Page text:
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Building a Home Theater - Screen, Speaker Columns, Drywall

Designing the Screen Wall

The next task was to build the "screen wall". After determining the width of the screen, I measured out an equal distance from each screen edge and began to construct speaker columns. These columns were round (semi-circular) and built from floor to ceiling. I built a shelf half-way up each column for the front speakers. Next I built a small stage below where the screen would be located.

Speaker Columns
Framed Speaker Columns

Wrapping the Speaker Columns

I "wrapped" the columns with a special bendable plywood. It's called Bending Board. It looks like normal 3/8" plywood, with one difference. Normal plywood has every other laminate layer with the grain 90 degrees from the previous. This makes plywood very stiff and strong. Bending Board has all the laminate layers with the grain laying the same way. This makes the board bend easily in one direction, but stiff in the other direction. Even though it's flexible, after cutting the boards to size, I still had to put them in the shower and "steam" them with hot water. This gave just enough extra flexibility to wrap them around the columns and screw them in before they stiffened up. I think the finished product turned out pretty decent.

Completed Speaker Columns
Completed Speaker Columns

Placement of the Equipment Rack

I puzzled over where I should place my equipment rack. There wasn't a whole lot of extra space in the room and I worried about light from the equipment disturbing people. Fan noise was also a concern. My dad, once again, came up with the winning idea. There is a hallway that leads into the home theater room and just before entering the seating area (around the corner from the screen wall), the hallway wall has a walk-in closet on the other side of it. This closet is in our weight room and wasn't really being used for much of anything. It was the perfect place for an equipment rack. I cut open the wall and re-framed it so I could connect 19" equipment rack rails in the opening.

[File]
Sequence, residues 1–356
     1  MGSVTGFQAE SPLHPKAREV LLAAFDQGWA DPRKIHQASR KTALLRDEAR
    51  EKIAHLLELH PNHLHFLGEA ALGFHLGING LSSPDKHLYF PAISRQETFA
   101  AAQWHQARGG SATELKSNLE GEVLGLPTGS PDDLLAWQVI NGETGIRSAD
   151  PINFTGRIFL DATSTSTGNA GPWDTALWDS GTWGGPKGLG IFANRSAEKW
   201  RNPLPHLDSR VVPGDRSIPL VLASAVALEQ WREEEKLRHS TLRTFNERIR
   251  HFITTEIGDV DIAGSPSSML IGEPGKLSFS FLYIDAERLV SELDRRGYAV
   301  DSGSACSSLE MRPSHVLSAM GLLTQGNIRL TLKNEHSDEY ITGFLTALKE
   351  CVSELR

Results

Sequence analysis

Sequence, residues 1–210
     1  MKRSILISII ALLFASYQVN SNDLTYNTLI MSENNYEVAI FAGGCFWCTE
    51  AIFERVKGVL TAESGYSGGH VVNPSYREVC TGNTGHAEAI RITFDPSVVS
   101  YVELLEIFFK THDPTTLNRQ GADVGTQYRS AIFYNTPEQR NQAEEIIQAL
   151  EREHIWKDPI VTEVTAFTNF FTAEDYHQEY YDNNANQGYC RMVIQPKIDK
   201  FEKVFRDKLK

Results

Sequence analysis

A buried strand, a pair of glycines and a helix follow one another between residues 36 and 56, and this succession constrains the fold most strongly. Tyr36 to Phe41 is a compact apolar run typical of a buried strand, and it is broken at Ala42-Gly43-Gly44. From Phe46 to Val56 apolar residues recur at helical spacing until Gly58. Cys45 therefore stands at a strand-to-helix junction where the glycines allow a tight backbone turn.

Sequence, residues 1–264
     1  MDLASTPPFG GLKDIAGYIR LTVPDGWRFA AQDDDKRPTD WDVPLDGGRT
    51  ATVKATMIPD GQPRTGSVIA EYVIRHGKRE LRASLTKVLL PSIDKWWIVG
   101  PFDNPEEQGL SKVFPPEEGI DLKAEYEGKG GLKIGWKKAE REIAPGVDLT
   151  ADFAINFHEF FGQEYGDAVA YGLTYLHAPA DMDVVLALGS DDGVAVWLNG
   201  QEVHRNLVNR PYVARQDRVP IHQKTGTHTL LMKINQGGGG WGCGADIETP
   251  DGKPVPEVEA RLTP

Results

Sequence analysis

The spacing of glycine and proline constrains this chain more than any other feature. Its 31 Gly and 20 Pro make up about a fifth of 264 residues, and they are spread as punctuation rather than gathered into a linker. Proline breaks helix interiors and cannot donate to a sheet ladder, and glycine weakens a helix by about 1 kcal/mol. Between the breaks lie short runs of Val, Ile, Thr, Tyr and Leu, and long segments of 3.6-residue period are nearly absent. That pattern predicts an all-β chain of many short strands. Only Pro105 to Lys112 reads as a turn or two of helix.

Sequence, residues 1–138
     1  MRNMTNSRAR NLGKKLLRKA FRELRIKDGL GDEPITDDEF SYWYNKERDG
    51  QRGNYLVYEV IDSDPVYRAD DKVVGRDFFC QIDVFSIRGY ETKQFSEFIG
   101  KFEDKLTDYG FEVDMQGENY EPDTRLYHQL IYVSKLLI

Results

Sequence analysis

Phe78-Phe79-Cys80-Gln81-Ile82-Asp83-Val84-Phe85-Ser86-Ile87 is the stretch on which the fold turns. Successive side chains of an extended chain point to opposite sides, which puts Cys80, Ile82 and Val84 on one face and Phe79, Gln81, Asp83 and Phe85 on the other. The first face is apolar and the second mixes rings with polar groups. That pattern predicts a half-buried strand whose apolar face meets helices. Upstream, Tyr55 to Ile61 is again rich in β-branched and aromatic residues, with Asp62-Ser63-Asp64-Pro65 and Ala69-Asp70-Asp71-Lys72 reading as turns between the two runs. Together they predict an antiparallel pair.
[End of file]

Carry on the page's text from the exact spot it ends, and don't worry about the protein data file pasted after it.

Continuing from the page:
Equipment Rack Opening
Equipment Rack Opening

Wiring the Room

With the framing completed, electrical was the next step. Wire and boxes were run and installed for lighting and outlets, as well as low voltage wiring for all the speakers around the room. Boxes and cabling for the projector were put in place too.

Insulationg and Hanging Drywall

The time had finally arrived to button up the room by adding insulation and the drywall.

Snack Area Insulated
Snack Area Insulated

I used the largest drywall boards I could maneuver up the stairs and around corners. Larger drywall boards mean fewer seams. Taping and mudding takes time and skill, so reducing that extra work (especially for an amateur) can save a lot of time and frustration.

I wanted to use 12' X 8' sheets, but 10' was the longest I could manage through all of the turns. Trying to hold a 10' long sheet of drywall up while screwing it into the studs can be a challenge, to say the least. A drywall jack can be a life (and back) saver. Simply crank the jack up and it holds the drywall in place while you screw it in. Drywall jacks can be purchased for a reasonable amount, but if you only need one for a day or two, renting from one of the big box hardware stores is very economical.

Drywall Jack
A Drywall Jack is Worth Every Penny

Taping and Mudding

Taping and mudding is very doable by an amateur. However, it does take some practice. There are lots of online tutorial and videos to help. The overall idea is to use only as much mud as needed and to make the application of the mud as smooth as possible. Excess mud will have to be sanded and sanding is time consuming and can make a huge mess.

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